mbeat Retro Briefcase USB turntable $129.95

As everybody loves to discuss, vinyl is enjoying a revival, with LP sales rising around 40% every year and reports that turntable sales are also doing very nicely thank you. But these are nearly all turntables which plug into a conventional hi-fi amp — which may have a phono socket if you’re lucky, or else, if your amp has only newfangled line-level inputs, requiring a separate phono stage.

But back in the glory days of vinyl, that’s probably not how most records got played. Many record players were standalone items, with their own speakers built-in. We’re not talking giant Bakelite gramophone units, but more the Dansette-style bedroom player, where you’d open the hinged lid, load a stack of 45s on the tall metal spindle, and sit back for some tunes interspersed with the clatter of dropping discs.

altFor some time we have thought the market to be ripe for some of those to return. So when we spotted mbeat’s “Retro Briefcase-Styled USB Turntable Recorder’, we sent a request for a review unit.

And what excellent fun it is. Although called a USB turntable recorder, you don’t need to connect it to your computer to hear your vinyl. The mbeat has its own speakers built-in, so can be used in just that traditional Dansette bedroom style. Or there is a pair of RCA audio outs, so you can cable it through into anything with an auxiliary input — a hi-fi amp, receiver, wireless speaker. It delivers at normal line level, so you won’t need a special phono input or separate phono stage. There’s even a headphone output, so you can spin discs in complete privacy.

altSet up requires none of the arcane arts of turntable set-up. The black briefcase opens to reveal a platter only six inches in diameter, so that a 12-inch disc sticks out a few inches on two sides and just a tad at the rear, over the briefcase hinge. There is a switch for electronic speed control for 33/3, 45 and even 78rpm, a lift for the arm, and a nice knob to control the volume from its own speakers — inserting headphones will mute the speakers but using the line outs to a hi-fi won’t, you just turn the knob to zero. There’s also a 45rpm adaptor (what used to be called a spider) stored in the case, which will be useful for those who popped the centres out of their singles in the 1970s in order to use them in jukeboxes (or, in our case, on the record player fitted under the dash of our Austin-Cambridge motor car).

We were playing within minutes of opening the briefcase. Sound from the internal speakers is inevitably limited, but will do for kiddies playing discs in their bedroom — there’s a minijack input so you can play another device through the internal speakers as well.

A better sense of the sound quality came when feeding the output through our usual hi-fi. Clearly you can’t expect a $125 unit to deliver the spine-shivering realism and wondrous warmth that can flow from a well-adjusted hi-fi turntable. But the result here proved by no means unacceptable, and rather better than we had expected. Indeed the mbeat ate through surface noise rather more than expensive and sensitive decks, so we enjoyed exhuming LPs that we have long ignored as too noisy (waiting for the day we finally use that record cleaner machine we purchased over a year ago). Bass frequencies are underplayed and light, with most of the energy delivered through a warm midrange and a treble response that will never shriek because that sort of noise simply doesn’t come from vinyl. Highly complex and louder material brought occasional tracking noise as distortion on top of the music, but again, at this price we hesitate to complain.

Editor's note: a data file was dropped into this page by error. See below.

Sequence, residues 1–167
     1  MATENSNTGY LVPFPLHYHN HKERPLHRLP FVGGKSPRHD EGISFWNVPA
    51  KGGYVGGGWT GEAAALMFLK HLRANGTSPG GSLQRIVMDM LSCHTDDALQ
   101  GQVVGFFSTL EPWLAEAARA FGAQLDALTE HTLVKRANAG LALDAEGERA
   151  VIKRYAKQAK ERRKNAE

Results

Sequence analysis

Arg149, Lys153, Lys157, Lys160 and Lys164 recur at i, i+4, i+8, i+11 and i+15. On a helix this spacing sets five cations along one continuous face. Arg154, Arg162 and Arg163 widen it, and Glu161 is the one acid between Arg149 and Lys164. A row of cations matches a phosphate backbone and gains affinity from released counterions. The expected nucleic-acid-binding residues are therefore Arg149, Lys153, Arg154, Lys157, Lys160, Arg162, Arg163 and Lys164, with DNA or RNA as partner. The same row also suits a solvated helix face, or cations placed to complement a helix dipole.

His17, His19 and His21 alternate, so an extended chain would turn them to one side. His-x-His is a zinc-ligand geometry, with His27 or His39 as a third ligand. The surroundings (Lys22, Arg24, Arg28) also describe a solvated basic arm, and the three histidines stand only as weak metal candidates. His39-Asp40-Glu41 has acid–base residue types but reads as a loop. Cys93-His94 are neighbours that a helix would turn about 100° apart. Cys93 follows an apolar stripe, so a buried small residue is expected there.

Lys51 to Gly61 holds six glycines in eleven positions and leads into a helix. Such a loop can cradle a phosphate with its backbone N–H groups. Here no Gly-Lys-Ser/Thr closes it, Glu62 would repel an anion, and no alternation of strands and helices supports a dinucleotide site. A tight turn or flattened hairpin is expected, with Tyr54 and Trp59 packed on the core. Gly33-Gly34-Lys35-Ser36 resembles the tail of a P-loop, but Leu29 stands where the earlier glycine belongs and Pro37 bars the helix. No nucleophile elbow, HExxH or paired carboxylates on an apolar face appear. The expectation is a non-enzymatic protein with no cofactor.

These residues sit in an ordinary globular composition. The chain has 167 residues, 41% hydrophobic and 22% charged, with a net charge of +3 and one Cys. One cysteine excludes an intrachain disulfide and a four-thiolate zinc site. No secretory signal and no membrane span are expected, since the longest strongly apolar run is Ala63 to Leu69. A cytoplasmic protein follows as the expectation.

It’s worth nothing, however, that mbeat recommends replacing the stylus every three to four months of regular play. mbeat in Australia offers two whole replacement cartridges for $21.95, so maybe stock up on a couple in advance. (For those keen to know their specs, the product link for the stylus is here.)

Onto the USB connection, and the ability to digitise your discs for posterity. There’s a CD in the box with Audacity (you may be better off downloading the latest version from the web), and the mbeat mounts as a USB audio input device; it’s all pretty easy to set up. Once recorded you can trim the start and end, cut up album sides into single tracks and put them in your music program of choice. Then spend happy hours labelling all the metadata.

But is this the turntable to use for archiving? Not really — you want to be archiving stuff only once, and the higher quality the turntable you use, the better. So perhaps consider the mbeat’s USB abilities as just another way of accessing the audio from the unit, and once in a while for copying across that rare Wombles single you can’t find on Spotify.

What we enjoyed most about the mbeat was its neat solution as a multipurpose vinyl playing system that you can pack up in a minute and take off for a session playing someone else’s neglected collection. It is very much entry-level (we’ve seen similar but not identical units even cheaper in Target recently), so it won’t extract all the information vinyl has to offer deep in its grooves. But if you have vinyl, no turntable and no more money to spend than $129.95, we reckon you’ll enjoy the mbeat enormously.

Product page: www.mbeat.com.au

Who Sells What: mbeat